Why does your Westie’s hair stand up? What does it mean? Is it a sign of aggression? Does it mean they are stressed? Find out here in this guide.
Dogs are great companions. They are often sweet, loving, easy to train, and have their own unique personalities that we adore. But dogs do have some strange behaviors, and if you’re unsure of what they mean, it can be a little confusing as a dog owner.
One of the more common behaviors you may notice is raised hackles. This is when your dog’s hair stands up on end. This can happen for a range of reasons, and you may be wanting to find out why.
In this guide, we’ll go over why your dog’s hair stands up, what raised hackles means, whether it is a sign of stress, and if it’s a bad thing, to help you understand it, and to ease any worries you may have about your canine companion.
Why Does Dogs Hair Stand Up?
When a dog’s hair stands up on their back, this is called piloerection, or raised hackles. This can happen for a number of reasons, and it depends on the dog’s typical behavior, and the environment in which they are in.
Raised hackles typically occur when a dog is startled, fearful, frightened, stimulated, aroused, or excited. It is an involuntary reaction, similar to the notion of goosebumps in humans. So, you can’t be mad at your dog if its hair stands up all of the time; they cannot control it!
To help you understand why your dog has raised hackles, you have to consider the environment in which they are in. For instance, what is happening around them that could have caused this? Is there another dog nearby?
Is there an object that could be spooking them or a person that could make them feel fearful or excited? In addition to considering the situation, you also have to look at your dog’s other body language signals. This could include the posture, position of the ears, tail movements, and if they are baring their teeth or growling.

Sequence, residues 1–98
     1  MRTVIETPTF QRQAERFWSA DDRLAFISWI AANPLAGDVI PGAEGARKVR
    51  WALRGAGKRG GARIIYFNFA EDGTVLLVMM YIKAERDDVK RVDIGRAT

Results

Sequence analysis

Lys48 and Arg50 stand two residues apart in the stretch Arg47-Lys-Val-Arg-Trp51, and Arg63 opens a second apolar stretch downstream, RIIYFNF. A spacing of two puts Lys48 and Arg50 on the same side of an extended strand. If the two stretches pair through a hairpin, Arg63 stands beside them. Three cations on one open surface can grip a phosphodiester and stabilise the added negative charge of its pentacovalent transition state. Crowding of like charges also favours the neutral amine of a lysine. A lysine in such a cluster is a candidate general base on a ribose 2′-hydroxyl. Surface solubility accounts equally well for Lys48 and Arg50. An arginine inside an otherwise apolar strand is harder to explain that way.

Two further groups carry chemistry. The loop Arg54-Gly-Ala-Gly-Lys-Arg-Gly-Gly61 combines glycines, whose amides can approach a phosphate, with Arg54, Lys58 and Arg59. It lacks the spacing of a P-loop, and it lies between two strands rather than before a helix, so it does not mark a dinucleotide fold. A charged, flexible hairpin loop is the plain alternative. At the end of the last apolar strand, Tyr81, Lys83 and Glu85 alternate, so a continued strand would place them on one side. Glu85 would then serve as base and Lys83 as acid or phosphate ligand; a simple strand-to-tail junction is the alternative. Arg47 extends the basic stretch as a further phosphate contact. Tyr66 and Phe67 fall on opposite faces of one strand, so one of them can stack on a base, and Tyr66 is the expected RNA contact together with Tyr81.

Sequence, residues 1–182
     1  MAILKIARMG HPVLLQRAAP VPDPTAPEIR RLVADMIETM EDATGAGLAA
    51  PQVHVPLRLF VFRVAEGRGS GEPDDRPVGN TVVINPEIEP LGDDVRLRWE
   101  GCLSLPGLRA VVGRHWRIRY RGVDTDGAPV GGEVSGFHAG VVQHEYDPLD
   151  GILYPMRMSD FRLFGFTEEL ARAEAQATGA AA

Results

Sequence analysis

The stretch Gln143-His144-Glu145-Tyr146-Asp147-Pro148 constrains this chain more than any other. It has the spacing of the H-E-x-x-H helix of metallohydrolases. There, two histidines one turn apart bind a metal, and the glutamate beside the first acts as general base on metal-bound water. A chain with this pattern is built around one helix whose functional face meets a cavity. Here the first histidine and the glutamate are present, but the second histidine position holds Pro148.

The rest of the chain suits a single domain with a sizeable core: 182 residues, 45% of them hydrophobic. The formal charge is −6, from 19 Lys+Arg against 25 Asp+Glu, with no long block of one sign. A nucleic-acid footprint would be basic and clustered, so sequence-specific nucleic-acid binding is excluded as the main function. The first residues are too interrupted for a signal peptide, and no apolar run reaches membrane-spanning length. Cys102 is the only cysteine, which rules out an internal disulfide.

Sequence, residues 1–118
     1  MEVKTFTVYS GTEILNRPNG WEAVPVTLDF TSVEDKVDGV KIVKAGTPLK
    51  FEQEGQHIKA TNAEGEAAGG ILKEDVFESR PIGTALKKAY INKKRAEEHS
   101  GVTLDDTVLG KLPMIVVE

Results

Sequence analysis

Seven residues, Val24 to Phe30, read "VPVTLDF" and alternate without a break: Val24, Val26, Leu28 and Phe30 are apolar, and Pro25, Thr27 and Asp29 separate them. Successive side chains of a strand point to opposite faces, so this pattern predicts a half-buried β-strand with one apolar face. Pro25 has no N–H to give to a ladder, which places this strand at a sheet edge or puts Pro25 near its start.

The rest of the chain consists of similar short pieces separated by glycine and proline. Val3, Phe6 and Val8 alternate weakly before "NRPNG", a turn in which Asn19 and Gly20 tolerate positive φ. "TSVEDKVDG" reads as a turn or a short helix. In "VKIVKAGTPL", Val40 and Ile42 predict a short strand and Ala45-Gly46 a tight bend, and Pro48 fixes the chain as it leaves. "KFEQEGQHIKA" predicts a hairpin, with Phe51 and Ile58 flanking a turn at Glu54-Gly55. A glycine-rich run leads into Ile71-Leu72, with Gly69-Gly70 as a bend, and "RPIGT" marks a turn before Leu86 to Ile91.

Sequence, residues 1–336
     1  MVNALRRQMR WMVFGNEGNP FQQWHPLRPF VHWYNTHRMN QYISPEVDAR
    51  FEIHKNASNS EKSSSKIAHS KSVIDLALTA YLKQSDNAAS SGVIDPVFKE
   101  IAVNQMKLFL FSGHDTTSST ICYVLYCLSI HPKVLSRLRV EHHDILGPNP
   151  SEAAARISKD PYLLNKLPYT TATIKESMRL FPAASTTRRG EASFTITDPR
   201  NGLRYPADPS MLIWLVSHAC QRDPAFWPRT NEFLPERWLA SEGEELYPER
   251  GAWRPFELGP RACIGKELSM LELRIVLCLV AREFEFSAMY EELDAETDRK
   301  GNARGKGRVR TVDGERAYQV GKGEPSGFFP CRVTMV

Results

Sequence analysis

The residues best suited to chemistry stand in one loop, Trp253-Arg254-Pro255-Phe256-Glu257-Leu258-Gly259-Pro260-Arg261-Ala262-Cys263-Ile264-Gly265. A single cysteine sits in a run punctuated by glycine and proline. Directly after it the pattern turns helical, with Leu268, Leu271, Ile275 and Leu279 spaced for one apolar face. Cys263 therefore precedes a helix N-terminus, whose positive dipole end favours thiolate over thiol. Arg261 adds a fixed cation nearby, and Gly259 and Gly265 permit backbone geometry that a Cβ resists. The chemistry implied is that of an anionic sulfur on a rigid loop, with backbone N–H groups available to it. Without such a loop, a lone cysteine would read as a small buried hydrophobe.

As mentioned above, dogs can raise their hackles for a number of reasons. In our experience, it is best to think about the overall behavior of your dog, and why this could be happening.
If they are typically fine around other dogs and animals, and their tail is wagging, they are not growling or baring their teeth, then raised hackles could simply be a sign of arousal or excitement.
What Dog Breeds Get Raised Hackles?
All dogs have hackles. Many dog breeds get raised hackles, as it is a natural instinct. However, you may not notice it on some dog breeds much, whereas on others, it is far more noticeable.
For instance, breeds with longer hair can often show their raised hackles without anyone noticing, whereas shorter haired breeds raise their hackles much more clearly. The Rhodesian Ridgeback is a breed that has permanently displayed hackles, and some breeds can have ‘piloerection’ often, but it is unclear to see.
Do Raised Hackles Mean Aggression?
No, raised hackles does not always mean aggression, but this is what most dog owners believe raised hackles mean. It can convey that the dog is experiencing fear, arousal, insecurity, anxiety, nervousness, surprise, excitement, or defensive and aggressive behaviors.
Is It Bad When My Dog’s Hair Stands Up?